User Reviews (12)

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  • Cute movie. I remember it from those days, when I was 11 and growing up in the US. Good family movie, safe for kids, and even has a bit of history in it to justify watching it, as this situation really happened in the US Cavalry (if not the actual people and events portrayed).

    Now for the bad news: As others have already noted, the picture and sound are worse than terrible. Looks like they got an old 16mm copy, a school projector, and a portable screen, and used a digital camcorder to record it while it played. Then they slapped it on a DVD and called it digital.

    Although the entire image is out of focus, the left side of the screen is even more so than the right. There is also some black banding that stutters down from the top of the frame periodically.

    And, judging from the sound quality, it appears that the sound was also recorded directly from the same projector, perhaps using a cheap electret condenser mic. Mounted on a piece of plywood. Or maybe stuck in a drawer.

    A company with this lousy of a work ethic should not be supported. Do not buy or rent this movie unless and until it gets a completely new version re-issued from the negatives. If we stop supporting these hacks, they will not be able to stay in business without increasing the quality of their titles. If you must see it, most larger metro US libraries will probably have it. The important thing is DON'T SPEND ANY MONEY ON THIS VERSION! Don't get me wrong; the movie itself is fine, and gets a 7 from me on its own. It's the terrible quality of the transfer that knocks it down to a 2.
  • Hawmps is one of those films that exploits a little known morsel of history, and capitalizes on it a great deal.

    Although designed as a "family" film the humor doesn't placate to children exclusively. It is a genuinely funny film, although the laughs are somewhat subtle (sometimes scaled down) in some of the gags. There aren't many large laughs in the movie (though there are a few), but there are a great deal of chuckles and smiles.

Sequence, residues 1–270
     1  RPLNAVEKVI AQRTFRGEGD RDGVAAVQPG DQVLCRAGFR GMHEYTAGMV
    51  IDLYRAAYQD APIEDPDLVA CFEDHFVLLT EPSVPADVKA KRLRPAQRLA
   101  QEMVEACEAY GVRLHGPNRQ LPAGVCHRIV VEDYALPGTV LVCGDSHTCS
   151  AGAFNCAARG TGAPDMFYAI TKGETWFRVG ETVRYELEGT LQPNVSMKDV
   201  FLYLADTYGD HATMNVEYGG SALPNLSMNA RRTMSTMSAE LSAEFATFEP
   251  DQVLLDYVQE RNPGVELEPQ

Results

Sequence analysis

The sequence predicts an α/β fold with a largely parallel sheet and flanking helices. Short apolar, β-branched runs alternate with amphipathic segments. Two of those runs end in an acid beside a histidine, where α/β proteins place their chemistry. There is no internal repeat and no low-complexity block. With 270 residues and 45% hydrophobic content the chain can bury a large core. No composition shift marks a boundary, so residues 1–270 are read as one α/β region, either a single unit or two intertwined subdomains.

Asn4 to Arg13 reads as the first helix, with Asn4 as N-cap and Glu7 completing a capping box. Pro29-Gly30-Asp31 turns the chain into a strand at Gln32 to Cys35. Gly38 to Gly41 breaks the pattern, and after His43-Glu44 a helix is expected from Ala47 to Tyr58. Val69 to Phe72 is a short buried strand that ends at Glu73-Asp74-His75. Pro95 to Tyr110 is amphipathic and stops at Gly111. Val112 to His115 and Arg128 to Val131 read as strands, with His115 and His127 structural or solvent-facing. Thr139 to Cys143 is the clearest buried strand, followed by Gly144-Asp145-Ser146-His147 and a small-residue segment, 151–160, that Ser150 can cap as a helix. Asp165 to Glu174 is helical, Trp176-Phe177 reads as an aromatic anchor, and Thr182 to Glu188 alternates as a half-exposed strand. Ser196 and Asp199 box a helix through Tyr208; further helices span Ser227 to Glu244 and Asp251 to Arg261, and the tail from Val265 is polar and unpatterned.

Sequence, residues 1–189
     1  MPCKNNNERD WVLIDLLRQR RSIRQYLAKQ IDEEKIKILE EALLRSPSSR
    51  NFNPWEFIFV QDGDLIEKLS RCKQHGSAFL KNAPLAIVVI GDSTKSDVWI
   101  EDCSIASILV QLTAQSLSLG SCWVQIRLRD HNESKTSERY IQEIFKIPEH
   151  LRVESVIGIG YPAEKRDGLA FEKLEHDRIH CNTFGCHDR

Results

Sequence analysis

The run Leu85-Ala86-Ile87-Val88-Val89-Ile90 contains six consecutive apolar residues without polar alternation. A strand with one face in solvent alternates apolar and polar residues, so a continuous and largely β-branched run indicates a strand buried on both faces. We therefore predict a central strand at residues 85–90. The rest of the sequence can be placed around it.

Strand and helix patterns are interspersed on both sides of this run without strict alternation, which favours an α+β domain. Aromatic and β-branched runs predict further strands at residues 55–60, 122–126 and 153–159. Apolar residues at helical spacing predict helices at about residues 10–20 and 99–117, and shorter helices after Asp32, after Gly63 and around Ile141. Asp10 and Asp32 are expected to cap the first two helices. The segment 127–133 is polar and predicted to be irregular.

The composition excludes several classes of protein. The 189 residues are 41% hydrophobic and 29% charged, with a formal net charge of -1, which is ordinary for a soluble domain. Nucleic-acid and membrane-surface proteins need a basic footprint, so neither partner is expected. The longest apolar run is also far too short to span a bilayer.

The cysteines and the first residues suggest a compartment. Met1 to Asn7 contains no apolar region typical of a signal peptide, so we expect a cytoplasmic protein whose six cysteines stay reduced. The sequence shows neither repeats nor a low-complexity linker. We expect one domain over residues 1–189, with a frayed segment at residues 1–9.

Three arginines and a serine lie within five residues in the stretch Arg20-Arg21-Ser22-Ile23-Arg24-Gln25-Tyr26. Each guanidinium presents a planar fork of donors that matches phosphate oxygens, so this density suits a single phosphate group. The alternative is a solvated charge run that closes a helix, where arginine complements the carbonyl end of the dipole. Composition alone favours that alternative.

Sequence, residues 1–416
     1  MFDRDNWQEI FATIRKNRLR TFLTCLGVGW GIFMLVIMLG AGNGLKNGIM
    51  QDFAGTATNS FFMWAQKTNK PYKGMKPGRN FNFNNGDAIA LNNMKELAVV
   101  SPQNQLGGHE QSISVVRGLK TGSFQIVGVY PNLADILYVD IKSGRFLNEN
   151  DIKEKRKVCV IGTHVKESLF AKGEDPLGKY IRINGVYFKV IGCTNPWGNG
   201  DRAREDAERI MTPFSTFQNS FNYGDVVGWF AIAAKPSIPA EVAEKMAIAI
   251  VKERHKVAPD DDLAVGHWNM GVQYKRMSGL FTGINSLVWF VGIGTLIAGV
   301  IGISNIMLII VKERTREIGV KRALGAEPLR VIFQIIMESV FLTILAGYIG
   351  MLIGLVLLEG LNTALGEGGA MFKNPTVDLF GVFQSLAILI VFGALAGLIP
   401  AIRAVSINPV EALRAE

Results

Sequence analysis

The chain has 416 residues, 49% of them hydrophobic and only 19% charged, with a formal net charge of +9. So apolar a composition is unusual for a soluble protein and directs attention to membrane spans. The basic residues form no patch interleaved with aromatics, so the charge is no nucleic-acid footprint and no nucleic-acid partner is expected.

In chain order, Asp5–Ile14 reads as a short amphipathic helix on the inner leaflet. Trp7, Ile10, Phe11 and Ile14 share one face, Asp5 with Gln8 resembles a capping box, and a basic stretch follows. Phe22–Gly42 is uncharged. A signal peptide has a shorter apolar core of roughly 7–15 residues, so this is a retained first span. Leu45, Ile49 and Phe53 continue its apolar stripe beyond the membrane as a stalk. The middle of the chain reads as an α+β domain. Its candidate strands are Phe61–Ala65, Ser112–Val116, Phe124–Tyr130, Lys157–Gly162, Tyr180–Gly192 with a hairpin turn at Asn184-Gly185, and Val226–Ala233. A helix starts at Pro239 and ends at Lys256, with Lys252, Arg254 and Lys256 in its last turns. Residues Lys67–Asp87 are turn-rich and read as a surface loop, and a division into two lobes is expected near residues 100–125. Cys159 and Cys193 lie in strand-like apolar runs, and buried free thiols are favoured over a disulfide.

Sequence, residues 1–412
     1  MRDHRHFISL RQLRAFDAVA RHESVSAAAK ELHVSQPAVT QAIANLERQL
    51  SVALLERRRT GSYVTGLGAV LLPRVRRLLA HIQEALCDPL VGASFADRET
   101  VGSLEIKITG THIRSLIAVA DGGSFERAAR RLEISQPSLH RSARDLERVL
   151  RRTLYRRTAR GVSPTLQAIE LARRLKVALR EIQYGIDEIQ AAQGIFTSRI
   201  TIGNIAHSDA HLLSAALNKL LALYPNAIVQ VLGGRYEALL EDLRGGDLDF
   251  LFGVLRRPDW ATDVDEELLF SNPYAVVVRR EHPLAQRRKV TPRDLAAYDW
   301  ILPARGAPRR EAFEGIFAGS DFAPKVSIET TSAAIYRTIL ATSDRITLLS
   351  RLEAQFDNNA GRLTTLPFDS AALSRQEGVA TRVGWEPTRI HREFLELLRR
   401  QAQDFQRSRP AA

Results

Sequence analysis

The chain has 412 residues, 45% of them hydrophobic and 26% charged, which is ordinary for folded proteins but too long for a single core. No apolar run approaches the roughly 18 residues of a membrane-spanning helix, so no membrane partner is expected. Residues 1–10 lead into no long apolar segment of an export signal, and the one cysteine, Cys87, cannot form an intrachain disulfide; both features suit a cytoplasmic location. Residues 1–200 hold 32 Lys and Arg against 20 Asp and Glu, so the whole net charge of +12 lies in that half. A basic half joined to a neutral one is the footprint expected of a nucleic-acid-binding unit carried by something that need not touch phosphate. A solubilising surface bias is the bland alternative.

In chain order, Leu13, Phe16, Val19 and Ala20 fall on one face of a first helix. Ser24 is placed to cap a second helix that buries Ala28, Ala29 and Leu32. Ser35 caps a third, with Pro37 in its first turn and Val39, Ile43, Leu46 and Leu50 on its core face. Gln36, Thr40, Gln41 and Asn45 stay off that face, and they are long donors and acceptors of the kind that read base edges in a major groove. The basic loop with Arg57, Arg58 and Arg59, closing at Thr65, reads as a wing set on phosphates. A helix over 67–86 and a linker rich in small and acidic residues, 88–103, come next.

Anyone who lived through the 70's will recognize many a face in this film, giving the movie a bit of a TV movie feel. The film is scheduled to be on DVD in the fall of 2002 (Now, in fact), but has not been released as of this date.

    April 28th, 2005 update; DVD Review

    Well, I finally got a copy of the DVD from Goodtimes Entertainment, and I have to say that next to Platinum DVD's titles this is one of the worst DVD transfers I've ever seen.

    Some history, in the early 90's I managed to find a copy of "Hawmps?" published by "Best Film & Video Corp." who put out a cheap EP VHS version that was barely watchable. I wrote a letter to Joe Camp Films to express my displeasure. The next thing I know Joe Camp is in litigation with the company that was marketing his films on VHS, and, some how, managed to get the rights back.

    Fast forward again and I come across Joe Camp's "Benji" website. I call up their company, speak with one of his personal assistants, and am told that "Hawmps!" will be reissued on DVD, and that "they" (presumably the company and owners of the property) were, and I quote, "We're going back to the original negative..." Meaning a fresh, crystal clear, and remastered print of the film would be forever preserved via optical media.

    Well, today I got a copy, and looking at the fuzzy picture, a large number of dirty frames (including some with editing marks on them), I can only assumed I was lied to, or, in some way, was misguided or otherwise misled. If not by Joe Camp films, then by proxy of Goodtimes DVD.

    And it's a real shame too, because the film deserves better treatment. It's not the best film ever made, it's not the funniest, but it's got a certain charm and appeal that should've been better preserved. Years back, when Home Box Office aired this film, it was given a fresh color corrected print which they themselves processed before airing. It was a high quality, crystal-clear, print with sound to match. I only wish I had had sense enough to tape it when it aired all those years ago.

    I'm not really sure who to blame for this fiasco, but I can no longer give my personal thumb of approval to this film, or its owners, until a better version (as was promised) hits the market.

    In the meantime avoid this thing. Bad sound, bad visuals... I'll bet I could buy a bootleg off the street that's better than this crud.
  • I first saw this movie with my Mom and Dad and half the fun was watching them laugh at the movie. I would like to watch it again with my kids. Yes, the plot is silly, and the gags are somewhat slapstick, but it is just a fun movie to see on "family movie night". Don't worry about sex, violence, or language. Get the popcorn, kick back, and enjoy.
  • Like other reviewers of this film I, too, saw it in 1976 when it originally ran in the theater. One of my most prized possessions, which I have to this day and will NEVER give away, is a promotional "Camels are cush" promotional button that was given away to those who saw the film. The one line I always remembered was the "Give me a two by four and I'll beat it" line a camel soldier says early in the film. I have very fond memories of all of the Joe Camp films and regret that no one (and I'm including Disney!) makes those great family-oriented films anymore.

    Unfortunately I, too, have only a Best Video (talk about irony!) VHS copy of this film. I agree that the quality leaves something to be desired but, still and all, it's worth watching on occasion (say, after a hard day at work and you need to relax). I pray that Joe Camp will personally allow a DVD release from the original negative, as this film is what America needs in these hard times.